Posts tagged with 'decorative arts'
21 March 2011 by Lisa
It’s a very exciting week this week as the newly refurbished room at the Walker Art Gallery, ‘British art 1880-1950’, is opening again on Friday. It will showcase pieces from our collections including works by LS Lowry and Lucian Freud, plus many works which have never been on display before!
I had a chat with our curator of British art, Laura MacCulloch, who told me more about what you can expect to see there:
Tell me about the different types of works which are being brought together in this room?
This work brings together paintings, sculptures and works on paper with furniture and ceramics all made between 1880 and 1950. It’s a really exciting period to explore as artists begin to break away from the traditional, Victorian ideas about art and experiment with styles, colours and techniques. It’s great to be able to show fine and decoratvie arts together because it shows how artists working in all media experimented.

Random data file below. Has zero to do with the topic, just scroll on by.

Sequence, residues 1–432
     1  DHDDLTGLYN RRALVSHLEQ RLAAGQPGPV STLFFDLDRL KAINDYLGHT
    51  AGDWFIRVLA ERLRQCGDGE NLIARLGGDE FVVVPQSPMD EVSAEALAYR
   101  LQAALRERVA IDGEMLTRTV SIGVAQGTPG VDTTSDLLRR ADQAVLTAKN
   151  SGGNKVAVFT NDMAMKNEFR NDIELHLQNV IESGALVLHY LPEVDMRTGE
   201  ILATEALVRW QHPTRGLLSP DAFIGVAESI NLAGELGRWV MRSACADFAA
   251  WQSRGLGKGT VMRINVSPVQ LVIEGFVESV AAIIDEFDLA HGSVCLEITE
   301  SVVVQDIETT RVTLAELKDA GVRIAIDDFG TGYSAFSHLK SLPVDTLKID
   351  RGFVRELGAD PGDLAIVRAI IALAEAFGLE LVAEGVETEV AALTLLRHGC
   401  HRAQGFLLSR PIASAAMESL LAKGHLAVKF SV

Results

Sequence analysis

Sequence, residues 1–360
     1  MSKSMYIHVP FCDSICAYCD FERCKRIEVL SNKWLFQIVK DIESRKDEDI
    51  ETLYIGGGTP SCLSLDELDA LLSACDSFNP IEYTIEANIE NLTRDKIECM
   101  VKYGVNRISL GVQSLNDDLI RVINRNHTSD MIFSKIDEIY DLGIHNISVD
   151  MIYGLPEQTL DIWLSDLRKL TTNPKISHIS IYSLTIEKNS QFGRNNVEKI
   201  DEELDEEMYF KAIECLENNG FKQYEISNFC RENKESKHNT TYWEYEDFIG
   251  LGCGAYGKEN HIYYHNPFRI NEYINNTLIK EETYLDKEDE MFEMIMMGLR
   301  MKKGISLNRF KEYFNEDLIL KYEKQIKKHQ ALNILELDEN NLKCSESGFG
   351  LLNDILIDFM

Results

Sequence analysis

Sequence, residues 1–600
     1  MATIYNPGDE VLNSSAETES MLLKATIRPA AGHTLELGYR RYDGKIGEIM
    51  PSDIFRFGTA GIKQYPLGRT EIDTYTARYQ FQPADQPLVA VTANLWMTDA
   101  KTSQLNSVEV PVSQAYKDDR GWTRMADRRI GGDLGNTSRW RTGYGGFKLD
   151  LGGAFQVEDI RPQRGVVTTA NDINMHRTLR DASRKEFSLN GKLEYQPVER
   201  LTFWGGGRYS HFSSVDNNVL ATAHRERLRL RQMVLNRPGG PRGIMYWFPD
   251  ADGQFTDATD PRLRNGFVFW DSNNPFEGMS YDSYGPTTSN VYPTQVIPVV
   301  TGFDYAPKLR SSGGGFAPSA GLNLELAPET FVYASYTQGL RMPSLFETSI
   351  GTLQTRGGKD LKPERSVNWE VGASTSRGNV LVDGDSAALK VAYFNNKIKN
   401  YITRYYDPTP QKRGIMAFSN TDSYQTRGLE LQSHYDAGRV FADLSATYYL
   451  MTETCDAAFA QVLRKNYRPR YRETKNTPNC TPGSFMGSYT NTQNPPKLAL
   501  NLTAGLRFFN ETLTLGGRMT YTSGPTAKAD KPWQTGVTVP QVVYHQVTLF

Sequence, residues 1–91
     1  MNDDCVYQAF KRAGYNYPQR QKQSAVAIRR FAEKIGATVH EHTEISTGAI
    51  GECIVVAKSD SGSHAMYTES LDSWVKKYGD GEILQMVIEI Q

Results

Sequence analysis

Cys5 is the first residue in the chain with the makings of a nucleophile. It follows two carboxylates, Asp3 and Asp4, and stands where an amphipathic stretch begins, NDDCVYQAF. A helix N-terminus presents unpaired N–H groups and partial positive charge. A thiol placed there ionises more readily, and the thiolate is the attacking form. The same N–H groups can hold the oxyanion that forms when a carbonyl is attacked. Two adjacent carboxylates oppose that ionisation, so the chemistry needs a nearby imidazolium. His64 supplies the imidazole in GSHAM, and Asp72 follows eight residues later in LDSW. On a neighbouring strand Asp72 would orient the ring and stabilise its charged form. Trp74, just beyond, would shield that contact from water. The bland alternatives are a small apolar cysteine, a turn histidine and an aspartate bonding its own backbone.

How does this room differ from the more ‘standard’ rooms of paintings in the Walker?
We are aiming to give our visitors more of the context surrounding the art. Between 1880 and 1950 there were huge political and social upheavals brought on by two world wars and increasing industrialisation. We have created an interactive timeline which includes lots of information and images relating to key historical and art historical events. There is more information on the timeline than we could ever fit on a label. Read more…
28 January 2011 by Eleanor
Now that I have completed the first quarter of my ICON and Heritage Lottery Funded internship in Objects Conservation and Public Engagement at the National Conservation Centre, I thought I’d share with you one of my favourite bits so far!